But then we come to Adam and his sister, Brooke, who are played, respectively, by rising/struggling young British actor Alex Pettyfer and Cody Horn, the daughter of the guy who runs the studio that released this movie. Pettyfer has shown in his short and unpleasant career that he's not got a terribly good grasp on this whole acting thing — he sulked woodenly in Beastly and, well, sulked woodenly in I Am Number Four — and here he's as dull and inert as he's ever been. Make no mistakes, the boy is a genuine, grade-A looker, and he demands focus during his sexy-pexy dance scenes, but when he's not giving us a peep of his butt or giving a girl sex eyes, he's an utter void, sucking up a scene's energy and breathing little out in return. I don't predict big things for Mr. Pettyfer, even though, again, he is chiseled from marble. Horn too is a garishly lifeless performer, one who can do a natural bit of back-and-forth ably enough — she's even charming in one brief scene — but when she is asked to do much of anything more she collapses like a house of cards. Soderbergh likes working with non-actors and his success rate has been hit or miss. He coaxed fine work out of the amateurs who populated Bubble, but couldn't get MMA fighter Gina Carano to ignite anything in Haywire. Horn and Pettyfer, though they are are technically professional actors, are in Carano's company. As evidenced by Tatum and McConaughey's smooth groove, Soderbergh's innately inanimate movies need some pizzaz to make them sing. Pettyfer and Horn, two of the biggest characters in the film, have exactly zero pizzaz, and thus slow the whole thing to a crawl.
Magic Mike is not the muscly romp you maybe thought it was. Though it certainly has moments of levity and comedy, it's still something of a serious movie, a plodding, quiet, and lightly meditative look at young people passing their time, at Florida as a sun-drenched gold ochre waiting room, and at the human body as a nobly silly tool of distraction. People going for Showgirls-esque titillation or Full Monty style ribaldry will be a bit disappointed, I suspect. That's the thing with Soderbergh's little projects. They initially look like something familiar but then go a slightly different, more off-kilter direction. Magic Mike isn't a bad movie — it's airy and pleasant and more emotionally engaging than a lot of Soderbergh's recent work — but it's also not the movie it perhaps should have been. Neither sexy nor terribly smart, it's a halfhearted seduction at best.
Meanwhile, Channing Tatum's soul brother Mark Wahlberg is in a mild, tonally warmed over movie of his own, an unexpectedly kindhearted movie from TV's overeager Seth MacFarlane. Ted, about a talking teddybear and his owner/best friend, trades in the same kind of comedy as MacFarlane's Fox cartoons, chiefly his smash success Family Guy, a raucous and meandering comedy of tropes and manners that occasionally zings with a good one-liner but almost always winds up feeling flimsy and cheap. Like Family Guy, Ted is full of references to esoteric fragments of pop culture and finicky riffs on common tics in speech and behavior, but unlike Family Guy, this is a feature film. That's a lot of space to fill, and TV-sized humor is just not going to get the job done.
MacFarlane voices the teddybear, named Ted, who, now that Wahlberg's John is all grown up, has become a foul-mouthed, hard-partying, but still smart and well-intentioned layabout. It's a funny-ish conceit, but pretty quickly Ted's bawdy antics get a bit tiresome and the film loses its main comedic engine. Wahlberg and his human costar Mila Kunis, mostly just playing The Girl, have a couple of funny moments of their own, but Ted is the front and center joke and once his batteries start dying the movie quickly deflates. Non Ted-styled jokes, like an extended bit about the old Flash Gordon movie and a big, brutal set piece fight, were met with uncomfortable silence and forced chuckles in the audience I was in, which is not a sound you want to hear at a big summer comedy. These jokes likely would have played fine on television, where a little randomness can go a long way, but in a big movie theater it all feels a bit too granular and awkwardly specific.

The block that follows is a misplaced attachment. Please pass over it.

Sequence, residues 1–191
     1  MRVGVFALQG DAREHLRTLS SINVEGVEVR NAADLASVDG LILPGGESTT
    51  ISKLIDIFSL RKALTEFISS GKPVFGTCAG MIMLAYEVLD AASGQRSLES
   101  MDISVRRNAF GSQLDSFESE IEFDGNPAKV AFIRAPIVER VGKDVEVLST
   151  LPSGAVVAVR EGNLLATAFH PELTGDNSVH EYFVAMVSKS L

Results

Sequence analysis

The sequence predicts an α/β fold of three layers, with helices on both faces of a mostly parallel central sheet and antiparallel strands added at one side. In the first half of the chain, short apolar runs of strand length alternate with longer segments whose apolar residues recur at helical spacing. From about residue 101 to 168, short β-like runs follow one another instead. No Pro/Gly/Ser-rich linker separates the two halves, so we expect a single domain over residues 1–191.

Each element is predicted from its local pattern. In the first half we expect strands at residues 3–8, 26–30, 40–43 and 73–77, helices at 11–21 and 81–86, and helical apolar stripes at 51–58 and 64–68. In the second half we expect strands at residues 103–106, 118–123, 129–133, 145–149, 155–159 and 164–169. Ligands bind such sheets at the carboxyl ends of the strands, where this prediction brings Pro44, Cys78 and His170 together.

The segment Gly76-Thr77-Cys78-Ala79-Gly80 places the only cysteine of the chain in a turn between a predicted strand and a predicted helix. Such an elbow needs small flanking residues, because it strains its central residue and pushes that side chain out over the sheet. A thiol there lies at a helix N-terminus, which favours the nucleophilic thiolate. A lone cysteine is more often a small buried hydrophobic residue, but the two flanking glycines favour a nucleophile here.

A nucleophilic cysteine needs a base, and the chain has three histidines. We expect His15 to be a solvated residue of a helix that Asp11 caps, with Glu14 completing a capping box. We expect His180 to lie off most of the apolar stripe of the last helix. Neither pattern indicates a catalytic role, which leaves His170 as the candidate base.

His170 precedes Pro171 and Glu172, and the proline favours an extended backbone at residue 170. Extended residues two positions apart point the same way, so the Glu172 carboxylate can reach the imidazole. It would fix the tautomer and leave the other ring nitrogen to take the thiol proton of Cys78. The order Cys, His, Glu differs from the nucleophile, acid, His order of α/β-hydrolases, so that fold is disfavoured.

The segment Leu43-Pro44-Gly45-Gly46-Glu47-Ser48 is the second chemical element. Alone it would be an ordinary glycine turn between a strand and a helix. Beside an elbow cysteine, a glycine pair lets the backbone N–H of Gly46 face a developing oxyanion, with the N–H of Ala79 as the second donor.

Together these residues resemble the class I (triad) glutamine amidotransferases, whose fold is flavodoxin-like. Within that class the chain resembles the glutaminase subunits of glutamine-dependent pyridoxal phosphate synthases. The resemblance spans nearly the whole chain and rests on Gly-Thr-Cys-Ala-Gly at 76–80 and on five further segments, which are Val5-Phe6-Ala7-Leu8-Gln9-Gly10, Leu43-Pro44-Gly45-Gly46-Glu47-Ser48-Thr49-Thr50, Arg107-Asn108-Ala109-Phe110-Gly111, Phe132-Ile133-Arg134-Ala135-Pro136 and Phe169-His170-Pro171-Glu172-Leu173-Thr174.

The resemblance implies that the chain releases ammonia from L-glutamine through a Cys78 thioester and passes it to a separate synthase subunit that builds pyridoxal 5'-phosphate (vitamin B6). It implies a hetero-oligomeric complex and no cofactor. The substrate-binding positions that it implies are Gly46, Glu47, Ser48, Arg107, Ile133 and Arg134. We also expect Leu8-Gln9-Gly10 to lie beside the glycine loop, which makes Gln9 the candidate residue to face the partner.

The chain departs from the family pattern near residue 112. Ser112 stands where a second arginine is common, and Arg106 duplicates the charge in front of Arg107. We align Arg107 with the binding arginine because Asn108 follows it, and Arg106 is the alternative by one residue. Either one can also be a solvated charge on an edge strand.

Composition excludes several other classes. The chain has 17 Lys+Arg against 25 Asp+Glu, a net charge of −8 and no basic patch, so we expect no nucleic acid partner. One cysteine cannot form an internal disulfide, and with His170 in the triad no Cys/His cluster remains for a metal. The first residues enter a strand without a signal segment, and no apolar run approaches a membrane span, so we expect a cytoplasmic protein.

Still, the movie dares to be heartwarming, which is admirable in its own strange way. The movie is essentially about Kunis' character coming to accept Ted while John learns to grow up a little, which is a boilerplate movie plot. But there are some cute and clever nuances that MacFarlane, who directed and co-wrote, sprinkles throughout to make the old story seem a bit fresher. He films Boston lovingly, creating a city of perpetual breezy spring, and he's assembled an eclectic cast of oddball supporting players, none more oddball than Giovanni Ribisi, who at one point does a grotesquely sexy/sexily grotesque dance to "I Think We're Alone Now" that rivals anything in Magic Mike. He doesn't strip, but he worms and wiggles with the best of them.
Ted is not the watershed, Seth MacFarlane-transfers-to-the-big-screen moment it could have been, but it's certainly not a disaster either. It's a perfectly well-meaning film, even though some references are pretty cruel in their careless, arbitrary way and there is enough fart humor throughout to sustain a sixth grade class for a year. I don't think that Hollywood will exactly be beating down MacFarlane's door to get him to make another movie, but I hope he gives it another go nonetheless. Maybe he can move away from the small screen Family Guy stuff and really give the old romantic comedy genre a nice retro polish, which is clearly what MacFarlane, with all his extracurricular Sinatra crooning, wants to do. Get rid of the fart jokes, put the guy in a suit and the gal in a dress, and give us some buoyant, screwball romance, Mr. MacFarlane. I know it's fun to be puckish and rude, but it could be even sweeter to be sincere.
This article is from the archive of our partner The Wire.